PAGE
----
History of the Moscow Mule
In a copper mug, pour vodka over ice. Add sugar syrup and lime juice. Top with ginger beer and stir. Garnish with mint sprig and lime slice.
History of Moscow Mule:
The story of the Moscow Mule begins in 1939 when a nearly brokeRussian ex-pat, Rudolph Kunett, sold the Smirnoff brand to John Martin, head of G.F. Heublein & Bros. Eventually John Martin used the Moscow Mule to help promote vodka to bars across the US and this helped fuel the mainstream acceptance of vodka as the preferred white spirit, replacing gin.
John Martin long claimed that he invented the Moscow Mule along with his friend, Jack Morgan, owner of the olde-English style pub named the Cock’n’Bull, located on Hollywood’s Sunset Strip. The Cock’n’Bull had a house brand of ginger beer bottled in stoneware crocks. Martin and Moran claimed that a fit of “inventive genius” led them to combine their respective products. More likely, is the story told by Morgan’s head bartender, Wes Price, who maintained that the drink was fashioned sometime in 1941 in an effort to offload otherwise unsellable goods.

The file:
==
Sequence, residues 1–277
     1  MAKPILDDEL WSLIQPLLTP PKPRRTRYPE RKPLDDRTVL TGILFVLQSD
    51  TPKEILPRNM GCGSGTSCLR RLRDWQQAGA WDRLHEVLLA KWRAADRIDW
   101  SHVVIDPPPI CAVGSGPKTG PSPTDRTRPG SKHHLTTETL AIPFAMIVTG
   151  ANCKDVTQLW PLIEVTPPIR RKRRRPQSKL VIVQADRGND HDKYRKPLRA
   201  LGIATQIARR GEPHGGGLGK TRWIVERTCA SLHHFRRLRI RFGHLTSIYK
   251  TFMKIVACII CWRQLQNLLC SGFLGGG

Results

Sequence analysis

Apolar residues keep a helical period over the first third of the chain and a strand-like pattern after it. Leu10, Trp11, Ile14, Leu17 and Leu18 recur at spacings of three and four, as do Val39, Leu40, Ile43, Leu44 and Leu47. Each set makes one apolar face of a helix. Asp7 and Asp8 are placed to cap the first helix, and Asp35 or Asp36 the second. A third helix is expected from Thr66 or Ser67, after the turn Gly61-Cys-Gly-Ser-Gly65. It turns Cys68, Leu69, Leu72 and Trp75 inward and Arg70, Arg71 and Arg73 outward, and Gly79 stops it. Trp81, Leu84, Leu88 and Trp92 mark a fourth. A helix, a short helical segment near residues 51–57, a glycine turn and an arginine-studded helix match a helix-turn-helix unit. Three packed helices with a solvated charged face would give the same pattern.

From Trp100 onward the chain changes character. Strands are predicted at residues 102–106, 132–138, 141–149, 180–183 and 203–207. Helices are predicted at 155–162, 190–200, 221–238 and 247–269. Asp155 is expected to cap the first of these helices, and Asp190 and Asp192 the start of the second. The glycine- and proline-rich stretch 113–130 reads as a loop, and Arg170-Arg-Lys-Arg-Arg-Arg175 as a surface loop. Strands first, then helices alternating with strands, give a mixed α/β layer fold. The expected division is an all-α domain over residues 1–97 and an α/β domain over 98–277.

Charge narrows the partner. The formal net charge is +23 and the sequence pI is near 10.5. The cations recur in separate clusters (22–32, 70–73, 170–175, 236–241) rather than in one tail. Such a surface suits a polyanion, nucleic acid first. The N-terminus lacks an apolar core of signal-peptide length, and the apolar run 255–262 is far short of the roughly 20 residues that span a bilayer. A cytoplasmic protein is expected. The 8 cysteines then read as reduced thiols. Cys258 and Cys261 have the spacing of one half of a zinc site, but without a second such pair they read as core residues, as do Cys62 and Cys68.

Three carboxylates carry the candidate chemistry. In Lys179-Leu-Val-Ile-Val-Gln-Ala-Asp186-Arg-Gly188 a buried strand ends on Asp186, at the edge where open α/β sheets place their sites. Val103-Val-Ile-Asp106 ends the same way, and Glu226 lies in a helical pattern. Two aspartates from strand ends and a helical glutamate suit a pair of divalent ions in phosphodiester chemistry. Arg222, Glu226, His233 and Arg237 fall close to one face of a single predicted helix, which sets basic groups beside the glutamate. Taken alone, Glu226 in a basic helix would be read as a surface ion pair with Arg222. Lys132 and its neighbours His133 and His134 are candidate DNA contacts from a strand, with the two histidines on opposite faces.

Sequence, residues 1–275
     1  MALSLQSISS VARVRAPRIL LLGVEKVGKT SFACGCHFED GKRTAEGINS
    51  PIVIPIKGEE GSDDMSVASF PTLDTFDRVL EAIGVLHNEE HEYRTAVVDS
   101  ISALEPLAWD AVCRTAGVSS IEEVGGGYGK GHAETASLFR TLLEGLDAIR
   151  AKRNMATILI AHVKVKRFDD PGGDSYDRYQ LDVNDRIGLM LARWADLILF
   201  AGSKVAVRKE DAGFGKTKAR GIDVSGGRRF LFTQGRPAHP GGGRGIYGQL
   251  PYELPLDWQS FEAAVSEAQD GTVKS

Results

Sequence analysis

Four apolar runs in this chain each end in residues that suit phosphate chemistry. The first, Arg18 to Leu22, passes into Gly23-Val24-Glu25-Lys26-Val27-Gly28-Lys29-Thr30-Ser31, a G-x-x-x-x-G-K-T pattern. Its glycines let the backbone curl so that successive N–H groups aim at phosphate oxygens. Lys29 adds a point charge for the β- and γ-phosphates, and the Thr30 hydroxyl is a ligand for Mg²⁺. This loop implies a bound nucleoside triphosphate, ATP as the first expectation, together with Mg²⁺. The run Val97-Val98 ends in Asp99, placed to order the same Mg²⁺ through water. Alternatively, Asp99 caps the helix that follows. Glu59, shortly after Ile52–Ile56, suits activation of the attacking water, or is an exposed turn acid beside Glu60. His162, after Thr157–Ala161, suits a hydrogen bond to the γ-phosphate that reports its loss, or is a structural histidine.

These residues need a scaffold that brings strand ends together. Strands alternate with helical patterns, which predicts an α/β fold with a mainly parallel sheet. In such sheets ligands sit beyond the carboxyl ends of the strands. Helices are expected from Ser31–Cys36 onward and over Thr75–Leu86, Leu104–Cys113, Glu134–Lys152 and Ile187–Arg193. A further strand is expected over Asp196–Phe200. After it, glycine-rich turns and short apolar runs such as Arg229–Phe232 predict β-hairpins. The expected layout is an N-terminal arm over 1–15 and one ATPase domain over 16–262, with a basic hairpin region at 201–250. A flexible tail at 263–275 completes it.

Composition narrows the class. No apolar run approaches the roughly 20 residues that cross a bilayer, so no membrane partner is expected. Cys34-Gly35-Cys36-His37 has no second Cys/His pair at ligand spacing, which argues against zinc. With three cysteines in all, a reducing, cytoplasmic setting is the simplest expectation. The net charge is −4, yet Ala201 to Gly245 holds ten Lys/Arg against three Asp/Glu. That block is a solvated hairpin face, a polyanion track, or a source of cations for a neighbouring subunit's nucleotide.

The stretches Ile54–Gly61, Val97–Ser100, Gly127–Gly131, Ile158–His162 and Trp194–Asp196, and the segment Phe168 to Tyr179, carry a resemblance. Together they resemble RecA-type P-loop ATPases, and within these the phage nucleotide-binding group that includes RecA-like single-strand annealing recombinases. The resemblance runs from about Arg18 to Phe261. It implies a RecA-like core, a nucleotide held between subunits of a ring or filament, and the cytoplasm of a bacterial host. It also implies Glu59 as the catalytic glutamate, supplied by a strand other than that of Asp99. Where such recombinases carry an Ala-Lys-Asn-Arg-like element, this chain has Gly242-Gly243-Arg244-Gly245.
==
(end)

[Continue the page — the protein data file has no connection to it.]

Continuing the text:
They ordered specially engraved copper mugs and Martin set off to market it in the bars around the country. He bought one of the first Polaroid cameras and asked barmen to pose with a Moscow Mule copper mug and a bottle of Smirnoff vodka. Then he would leave one copy of the photo at the bar and take a second copy to the bar next door to show them that their competitors were selling their concoction. Between 1947 and 1950, thanks to their invention, Smirnoff vodka case columns more than tripled and nearly doubled in 1951.
In particular, the drink caught on with the Hollywood crowd until 1950 when not unlike a few Hollywood screenwriters, Smirnoff and its flagship drink, the Moscow Mule, took heat for the Russian association. Assuming that Smirnoff was a Russian import, unionized bartenders in New York announced a Moscow Mule boycott, refusing to “shove slave labor liquor across the wood in any American saloon.”
Smirnoff rushed to testify that its vodka was not, and never had been a member of the Communist Party. In support, Walter Winchell wrote in 1951, “The Moscow Mule is US made, so don’t be political when you’re thirsty. Three are enough, however, to make you wanna fight pro-Communists.”
Sadly, popularity of the beverage faded in the 1960s with the era of the groovy new disco scene and the intitaitive by the Smirnoff marketing department to re-name the drink the “Smirnoff Mule.” However, the Moscow Mule has recently enjoyed a resurgence, mostly at upscale establishments that have taken the trouble to acquire the copper mugs for proper presentation.